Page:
These certainly are tough times for behavioral healthcare organizations. In Hawaii, for example, the state said last month that it won't be able to pay mental healthcare providers for some contracted services until its new fiscal year begins-in July. “It's a devastating blow. It's really a four-month time period of trying to do without,” Tina McLaughlin, co-CEO of CARE Hawaii, told the Honolulu Advertiser. Brian Schatz, CEO of Helping Hands Hawai'i, noted, “It means that we're essentially going to be loaning money to the state.”1
The uncertainty of what's yet to come further complicates matters. As Ronald J. Hunsicker, DMin, president and CEO of the National Association of Addiction Treatment Providers, told me, the economy has been changing so much that addiction treatment providers have had difficulty plotting their next moves, and rising unemployment (and consequently fewer people with health insurance) could require some organizations to make difficult decisions in the months, if not years, ahead.
Yet even in the midst of this terrible recession, Drs. Lori Ashcraft and William A. Anthony remind leaders in this issue that now is not the time to lower expectations. Even in this difficult operating environment, they suggest leaders keep an eye out for new opportunities to transform services and be innovative. Keeping expectations high, they note, can serve as a “psychological stimulus package” for staff and clients.
Mark Mishek, Hazelden's new president and CEO, seems to share this philosophy. He not only joined the iconic addiction treatment provider just as the economy lost its legs, but he is tasked with leading an organization that has lacked a senior leadership team for much of the past year. Yet despite the many challenges Hazelden and the field face, Mishek is committed to finding ways to grow the organization and keeping staff engaged and energized (See article in this issue).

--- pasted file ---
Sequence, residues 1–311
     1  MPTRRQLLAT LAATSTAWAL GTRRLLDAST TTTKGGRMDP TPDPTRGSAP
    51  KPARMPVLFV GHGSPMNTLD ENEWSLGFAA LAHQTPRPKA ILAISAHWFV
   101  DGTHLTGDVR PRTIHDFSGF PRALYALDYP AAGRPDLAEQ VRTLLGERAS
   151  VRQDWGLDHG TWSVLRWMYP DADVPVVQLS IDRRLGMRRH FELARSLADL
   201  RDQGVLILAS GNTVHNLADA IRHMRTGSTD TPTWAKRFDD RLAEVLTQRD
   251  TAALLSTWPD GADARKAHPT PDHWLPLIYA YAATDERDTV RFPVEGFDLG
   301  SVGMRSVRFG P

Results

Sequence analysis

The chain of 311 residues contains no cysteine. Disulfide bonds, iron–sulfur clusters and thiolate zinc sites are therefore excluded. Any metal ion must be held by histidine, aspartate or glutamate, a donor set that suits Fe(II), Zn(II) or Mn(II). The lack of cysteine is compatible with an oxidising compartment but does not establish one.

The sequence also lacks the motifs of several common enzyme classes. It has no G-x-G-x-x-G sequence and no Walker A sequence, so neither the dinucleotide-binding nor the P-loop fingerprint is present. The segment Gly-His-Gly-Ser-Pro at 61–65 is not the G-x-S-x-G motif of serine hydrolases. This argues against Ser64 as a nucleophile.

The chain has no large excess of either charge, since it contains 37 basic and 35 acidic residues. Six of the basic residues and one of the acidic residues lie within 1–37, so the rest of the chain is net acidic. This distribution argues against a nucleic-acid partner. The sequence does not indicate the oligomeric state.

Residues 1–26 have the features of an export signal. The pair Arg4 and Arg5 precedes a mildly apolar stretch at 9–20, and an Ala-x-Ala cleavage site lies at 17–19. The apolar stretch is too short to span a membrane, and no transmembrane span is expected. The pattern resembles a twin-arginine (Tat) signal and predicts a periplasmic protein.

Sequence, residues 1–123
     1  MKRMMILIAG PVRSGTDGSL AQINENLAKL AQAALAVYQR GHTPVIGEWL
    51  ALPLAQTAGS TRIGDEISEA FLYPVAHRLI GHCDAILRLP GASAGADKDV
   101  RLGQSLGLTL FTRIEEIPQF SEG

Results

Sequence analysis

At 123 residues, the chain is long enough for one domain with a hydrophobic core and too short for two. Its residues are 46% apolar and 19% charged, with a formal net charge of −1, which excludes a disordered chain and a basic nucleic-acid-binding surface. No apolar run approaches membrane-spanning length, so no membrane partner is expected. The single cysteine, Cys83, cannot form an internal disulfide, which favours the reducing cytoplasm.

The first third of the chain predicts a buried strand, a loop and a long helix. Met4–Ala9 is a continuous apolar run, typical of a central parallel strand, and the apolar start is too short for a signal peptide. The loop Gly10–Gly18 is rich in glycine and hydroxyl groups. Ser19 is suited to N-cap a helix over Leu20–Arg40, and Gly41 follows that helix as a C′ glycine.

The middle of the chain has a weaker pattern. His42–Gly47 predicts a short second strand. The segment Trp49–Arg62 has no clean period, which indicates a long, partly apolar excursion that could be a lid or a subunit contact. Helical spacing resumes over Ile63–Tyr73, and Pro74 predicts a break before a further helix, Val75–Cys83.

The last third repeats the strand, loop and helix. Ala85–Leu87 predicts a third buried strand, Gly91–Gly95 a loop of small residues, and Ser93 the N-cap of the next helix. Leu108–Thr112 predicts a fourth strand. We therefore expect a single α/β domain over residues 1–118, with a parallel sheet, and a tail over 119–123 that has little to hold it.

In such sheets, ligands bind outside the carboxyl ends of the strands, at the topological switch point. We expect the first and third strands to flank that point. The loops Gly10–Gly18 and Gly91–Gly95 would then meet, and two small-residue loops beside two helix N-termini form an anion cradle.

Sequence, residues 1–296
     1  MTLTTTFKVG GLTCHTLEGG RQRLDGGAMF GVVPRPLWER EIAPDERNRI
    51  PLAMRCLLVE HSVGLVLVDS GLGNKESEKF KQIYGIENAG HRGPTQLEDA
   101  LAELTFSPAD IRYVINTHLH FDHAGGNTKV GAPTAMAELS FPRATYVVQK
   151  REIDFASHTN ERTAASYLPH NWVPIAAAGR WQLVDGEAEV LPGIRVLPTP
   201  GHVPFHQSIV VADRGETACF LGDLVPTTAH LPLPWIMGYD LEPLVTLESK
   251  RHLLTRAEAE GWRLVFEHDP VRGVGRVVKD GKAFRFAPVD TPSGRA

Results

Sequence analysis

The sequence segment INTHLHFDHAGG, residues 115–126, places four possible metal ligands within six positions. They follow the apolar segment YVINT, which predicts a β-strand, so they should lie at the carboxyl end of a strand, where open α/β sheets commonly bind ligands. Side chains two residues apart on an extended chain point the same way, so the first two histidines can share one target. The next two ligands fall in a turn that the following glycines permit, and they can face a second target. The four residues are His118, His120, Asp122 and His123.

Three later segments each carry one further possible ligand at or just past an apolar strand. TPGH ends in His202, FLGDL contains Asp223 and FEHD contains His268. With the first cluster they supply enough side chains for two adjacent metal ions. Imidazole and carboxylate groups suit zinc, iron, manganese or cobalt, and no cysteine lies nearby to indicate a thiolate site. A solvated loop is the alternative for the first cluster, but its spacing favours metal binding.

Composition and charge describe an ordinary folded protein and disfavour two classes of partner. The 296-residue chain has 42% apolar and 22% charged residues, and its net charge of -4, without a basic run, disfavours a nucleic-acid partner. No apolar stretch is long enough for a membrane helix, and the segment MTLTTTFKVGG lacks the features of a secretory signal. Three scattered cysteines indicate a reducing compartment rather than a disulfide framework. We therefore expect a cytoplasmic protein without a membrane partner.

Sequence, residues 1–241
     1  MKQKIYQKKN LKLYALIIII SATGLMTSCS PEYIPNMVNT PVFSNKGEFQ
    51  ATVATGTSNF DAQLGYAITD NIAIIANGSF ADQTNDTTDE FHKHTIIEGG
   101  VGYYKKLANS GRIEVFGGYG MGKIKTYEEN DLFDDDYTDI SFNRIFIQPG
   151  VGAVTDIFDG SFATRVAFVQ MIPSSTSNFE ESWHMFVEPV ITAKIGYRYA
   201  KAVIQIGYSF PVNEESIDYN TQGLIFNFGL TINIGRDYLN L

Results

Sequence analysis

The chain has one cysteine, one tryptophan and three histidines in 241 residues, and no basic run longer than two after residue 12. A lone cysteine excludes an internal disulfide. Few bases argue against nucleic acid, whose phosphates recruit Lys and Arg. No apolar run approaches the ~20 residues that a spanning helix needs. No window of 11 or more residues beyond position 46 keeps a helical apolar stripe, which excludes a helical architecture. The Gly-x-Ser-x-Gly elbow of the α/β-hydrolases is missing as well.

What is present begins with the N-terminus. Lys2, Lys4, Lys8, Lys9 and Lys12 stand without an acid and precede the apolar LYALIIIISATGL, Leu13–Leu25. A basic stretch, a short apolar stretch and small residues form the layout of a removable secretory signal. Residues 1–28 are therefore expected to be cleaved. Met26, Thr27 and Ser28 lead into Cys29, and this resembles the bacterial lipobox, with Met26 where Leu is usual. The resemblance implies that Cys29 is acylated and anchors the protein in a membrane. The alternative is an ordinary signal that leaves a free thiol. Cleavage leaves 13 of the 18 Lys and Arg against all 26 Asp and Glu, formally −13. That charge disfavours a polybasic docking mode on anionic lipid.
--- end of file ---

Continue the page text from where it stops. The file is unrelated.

Every behavioral healthcare organization has unique financial challenges, and some are better positioned than others to survive the economy's nosedive. I am deeply concerned that many people will not have access to the treatment they need to address their mental health and/or substance use challenges, that talented staff will voluntarily or be forced to leave the field, and that some organizations will not make it through this tough time. But as history has proven again and again, strong leadership is essential to surviving hard times, and good things can emerge even when the situation looks so bleak. There are many factors that leaders of behavioral healthcare organizations can't control, but they can have a powerful influence on their staff and clients. And in this troubled time they can be important role models demonstrating careful spending, innovative thinking, and enduring hope for brighter days ahead.
Douglas J. Edwards, Editor-in-Chief
- Vorsino M. Pay delay ‘devastating’ to mental health services. Honolulu Advertiser. March 13, 2009.